‘Packaged as Meat, Frenchman Jean Wahl Flees Nazi Captors in Dramatic Escape’. So reads the 1942 newspaper headline reporting one of the more sensational escapades in the philosopher’s life (6–7, n. 15). Jean Wahl is one of a number of neglected existentialist thinkers who were opponents or victims of the Nazi régime. Philosophers in this tenuous position could no longer (if they ever had) regard their philosophy as separable from the concrete life that made it possible and otherwise informed it. For this reason, the editors’ thoroughly researched introductory essay, drawing on unpublished biographical material, is one of the most valuable features of the collection under review. After the Vichy Statute that excluded Jews from teaching, as the essay explains, Wahl continued to lead seminars from his hotel room on rue des Beaux-Arts. On the day that the area was seized by the Gestapo, Wahl, who was reading Heidegger with a small group of students, is reported to have quipped, ‘If the Gestapo comes, it will not hurt to say that we are studying Heidegger. The Nazis at one time thought highly of him.’ (4).
The memorable newspaper headline refers to Wahl’s eventually successful attempt to escape from occupied France in a ‘butcher cart’, ‘wrapped in the same kind of cloth that wrapped the sides of meat’ (Green cited on 6). This earthy image of the philosopher, the archetype of consciousness and reflective thought, packaged up as inanimate, unthinking flesh is astonishing and suggestive. It may even express the quintessence of the human condition. Is there not a sense in which to be ‘packaged as meat’ is simply to be human?
The question is at the centre of the main theme of this collection of essays: the relationship between transcendence and the concrete. In the volume’s final essay, Wahl explains his and his contemporaries’ preference for the word ‘existence’ over the more archaic ‘soul’:
it is because the soul was too often considered to be a permanent substance, was too clearly separated from the body, too clearly separated from the world. The union of soul and body, of soul and world—this is what is meant by the idea of existence. (267)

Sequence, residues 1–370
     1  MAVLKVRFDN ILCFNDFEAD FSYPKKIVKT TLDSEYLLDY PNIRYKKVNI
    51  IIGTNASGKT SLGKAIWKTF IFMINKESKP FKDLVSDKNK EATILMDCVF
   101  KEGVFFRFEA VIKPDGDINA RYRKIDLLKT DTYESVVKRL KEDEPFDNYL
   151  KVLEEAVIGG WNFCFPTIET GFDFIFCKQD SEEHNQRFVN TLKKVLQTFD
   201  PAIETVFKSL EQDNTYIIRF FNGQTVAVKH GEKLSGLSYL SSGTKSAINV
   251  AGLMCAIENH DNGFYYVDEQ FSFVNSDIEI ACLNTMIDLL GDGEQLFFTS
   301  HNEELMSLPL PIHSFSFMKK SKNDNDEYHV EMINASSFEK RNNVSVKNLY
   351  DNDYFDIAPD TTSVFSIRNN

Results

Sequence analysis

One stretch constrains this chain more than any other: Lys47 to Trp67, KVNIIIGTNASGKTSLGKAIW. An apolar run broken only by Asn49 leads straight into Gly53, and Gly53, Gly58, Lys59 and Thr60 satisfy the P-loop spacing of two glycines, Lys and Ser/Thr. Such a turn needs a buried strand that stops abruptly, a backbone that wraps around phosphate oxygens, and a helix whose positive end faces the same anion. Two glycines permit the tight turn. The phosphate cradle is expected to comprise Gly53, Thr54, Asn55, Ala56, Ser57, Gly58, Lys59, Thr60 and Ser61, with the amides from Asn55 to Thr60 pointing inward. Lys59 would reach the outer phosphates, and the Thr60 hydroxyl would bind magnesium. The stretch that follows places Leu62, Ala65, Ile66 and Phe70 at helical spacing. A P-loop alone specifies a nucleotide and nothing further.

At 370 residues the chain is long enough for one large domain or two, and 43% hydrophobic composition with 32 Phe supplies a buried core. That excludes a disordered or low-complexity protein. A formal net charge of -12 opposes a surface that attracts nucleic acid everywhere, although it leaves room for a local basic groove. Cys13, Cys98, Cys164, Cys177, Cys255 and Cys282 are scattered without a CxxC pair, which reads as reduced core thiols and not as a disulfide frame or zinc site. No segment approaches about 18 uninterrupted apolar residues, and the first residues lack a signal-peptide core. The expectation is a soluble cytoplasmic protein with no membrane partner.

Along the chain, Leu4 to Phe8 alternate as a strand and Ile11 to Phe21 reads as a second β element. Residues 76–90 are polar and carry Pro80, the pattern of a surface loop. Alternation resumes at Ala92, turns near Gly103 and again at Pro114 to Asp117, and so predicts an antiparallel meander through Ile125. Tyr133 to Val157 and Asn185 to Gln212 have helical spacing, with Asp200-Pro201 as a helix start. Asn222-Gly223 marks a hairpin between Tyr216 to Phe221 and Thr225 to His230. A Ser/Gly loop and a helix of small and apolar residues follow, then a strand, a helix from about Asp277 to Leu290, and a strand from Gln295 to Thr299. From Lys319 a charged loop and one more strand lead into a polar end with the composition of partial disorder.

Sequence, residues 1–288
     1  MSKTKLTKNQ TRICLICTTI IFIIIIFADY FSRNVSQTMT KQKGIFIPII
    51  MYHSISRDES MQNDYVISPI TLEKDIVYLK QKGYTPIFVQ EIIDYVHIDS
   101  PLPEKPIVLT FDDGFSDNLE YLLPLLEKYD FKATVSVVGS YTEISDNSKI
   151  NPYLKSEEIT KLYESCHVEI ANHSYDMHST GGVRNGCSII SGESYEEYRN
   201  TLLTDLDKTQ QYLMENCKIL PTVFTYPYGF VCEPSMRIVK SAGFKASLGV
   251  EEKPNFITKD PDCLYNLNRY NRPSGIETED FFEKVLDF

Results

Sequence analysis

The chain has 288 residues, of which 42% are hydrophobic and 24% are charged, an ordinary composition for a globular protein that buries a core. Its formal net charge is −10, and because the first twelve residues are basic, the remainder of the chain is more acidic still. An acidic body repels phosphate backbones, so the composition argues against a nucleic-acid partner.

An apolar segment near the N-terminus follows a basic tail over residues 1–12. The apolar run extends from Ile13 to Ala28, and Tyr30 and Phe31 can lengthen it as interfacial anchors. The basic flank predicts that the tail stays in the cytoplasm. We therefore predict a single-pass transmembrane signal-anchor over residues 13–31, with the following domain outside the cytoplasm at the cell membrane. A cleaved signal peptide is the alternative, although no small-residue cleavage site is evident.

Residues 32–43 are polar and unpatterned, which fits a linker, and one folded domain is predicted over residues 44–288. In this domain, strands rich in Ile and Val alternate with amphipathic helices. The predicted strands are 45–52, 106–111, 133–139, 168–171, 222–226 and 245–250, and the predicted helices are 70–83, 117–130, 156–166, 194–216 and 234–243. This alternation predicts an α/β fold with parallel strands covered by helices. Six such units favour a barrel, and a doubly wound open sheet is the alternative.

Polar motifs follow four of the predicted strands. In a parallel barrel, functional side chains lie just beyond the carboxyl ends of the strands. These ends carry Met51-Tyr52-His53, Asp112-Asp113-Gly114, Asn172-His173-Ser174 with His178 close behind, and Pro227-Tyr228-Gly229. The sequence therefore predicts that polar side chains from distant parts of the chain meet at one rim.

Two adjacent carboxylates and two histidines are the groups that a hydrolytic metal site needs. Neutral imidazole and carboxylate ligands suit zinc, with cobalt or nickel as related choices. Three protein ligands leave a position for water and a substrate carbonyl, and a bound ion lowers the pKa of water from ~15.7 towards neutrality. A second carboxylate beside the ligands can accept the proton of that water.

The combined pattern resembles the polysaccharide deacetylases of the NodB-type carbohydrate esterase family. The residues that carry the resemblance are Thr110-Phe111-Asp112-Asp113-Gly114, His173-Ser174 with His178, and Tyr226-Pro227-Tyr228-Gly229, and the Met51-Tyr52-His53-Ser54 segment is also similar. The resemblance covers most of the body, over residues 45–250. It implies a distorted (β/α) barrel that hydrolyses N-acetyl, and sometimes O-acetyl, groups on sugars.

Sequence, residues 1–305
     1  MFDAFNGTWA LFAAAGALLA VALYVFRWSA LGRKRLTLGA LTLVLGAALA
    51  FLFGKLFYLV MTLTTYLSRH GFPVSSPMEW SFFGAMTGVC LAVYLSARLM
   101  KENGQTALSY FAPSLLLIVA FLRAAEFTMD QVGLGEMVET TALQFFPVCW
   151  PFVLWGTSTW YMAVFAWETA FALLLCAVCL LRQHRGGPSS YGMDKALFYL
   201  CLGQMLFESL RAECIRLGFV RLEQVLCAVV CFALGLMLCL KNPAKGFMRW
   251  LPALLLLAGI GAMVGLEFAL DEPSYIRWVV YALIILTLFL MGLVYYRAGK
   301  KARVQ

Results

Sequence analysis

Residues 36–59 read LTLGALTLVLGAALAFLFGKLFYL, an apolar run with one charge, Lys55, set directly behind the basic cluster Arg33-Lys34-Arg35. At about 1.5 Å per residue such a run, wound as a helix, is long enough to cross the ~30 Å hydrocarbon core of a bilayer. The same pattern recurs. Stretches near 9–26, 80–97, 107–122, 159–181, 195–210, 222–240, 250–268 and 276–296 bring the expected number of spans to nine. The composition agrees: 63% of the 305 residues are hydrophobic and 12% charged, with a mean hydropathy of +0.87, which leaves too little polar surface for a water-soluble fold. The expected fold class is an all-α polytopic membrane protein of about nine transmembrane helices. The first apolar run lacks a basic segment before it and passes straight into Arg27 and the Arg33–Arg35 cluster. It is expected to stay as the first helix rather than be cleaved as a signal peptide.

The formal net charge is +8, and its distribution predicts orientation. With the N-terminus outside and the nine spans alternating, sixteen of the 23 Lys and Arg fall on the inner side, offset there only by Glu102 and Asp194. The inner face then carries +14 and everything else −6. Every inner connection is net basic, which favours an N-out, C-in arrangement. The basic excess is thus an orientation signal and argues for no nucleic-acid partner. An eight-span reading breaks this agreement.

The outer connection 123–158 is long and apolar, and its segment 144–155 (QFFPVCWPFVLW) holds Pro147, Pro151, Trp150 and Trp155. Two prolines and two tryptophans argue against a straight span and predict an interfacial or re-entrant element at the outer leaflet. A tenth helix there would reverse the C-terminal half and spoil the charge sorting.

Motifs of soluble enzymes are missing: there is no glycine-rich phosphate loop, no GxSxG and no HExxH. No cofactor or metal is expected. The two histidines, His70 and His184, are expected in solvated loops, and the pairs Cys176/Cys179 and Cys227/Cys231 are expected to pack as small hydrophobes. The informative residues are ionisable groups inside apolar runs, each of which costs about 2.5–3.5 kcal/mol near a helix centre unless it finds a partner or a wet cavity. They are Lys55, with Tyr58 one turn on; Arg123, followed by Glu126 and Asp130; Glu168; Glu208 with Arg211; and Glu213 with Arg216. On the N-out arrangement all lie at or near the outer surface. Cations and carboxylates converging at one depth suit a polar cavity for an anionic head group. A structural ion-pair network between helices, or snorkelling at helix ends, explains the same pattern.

As the editors point out, Wahl was ‘a sensitive and insightful reader’ and interpreter of the work of his contemporaries (2). Notably, he promoted in France German philosophers, including Martin Heidegger and Karl Jaspers (24–5), but his own philosophical voice can be heard in the engagements with other thinkers’ work that are presented in this collection (2). Wahl’s extensive engagement with Jaspers is of particular interest (chs. 6 & 7).
The volume partially reprints ‘The Problem of Choice: Existence and Transcendence in Jaspers’s Philosophy’ (Chapter 6), in which Wahl engages in detail with Jaspers’s complex philosophical system, focusing on those aspects which are of most relevance to his own thinking and which matter to him the most. He begins with the important observation that ‘Jaspers’s philosophy is both the negation of every system and the affirmation that a system is necessary for the intensity of the life of the mind.’ (134) Jaspers’s thought, as Wahl sees it, is based on two propositions, the first of which forms the basis for the second, even as the two propositions oppose and strive to negate one another. Wahl thus makes sense of an otherwise puzzling feature of Jaspers’s work: the tension between its apparently systematic form and its profoundly anti-systematic content. ‘There is…a struggle,’ Wahl says, ‘between philosophy and the form of the system; it always stands outside of the system and breaks it.’ (136)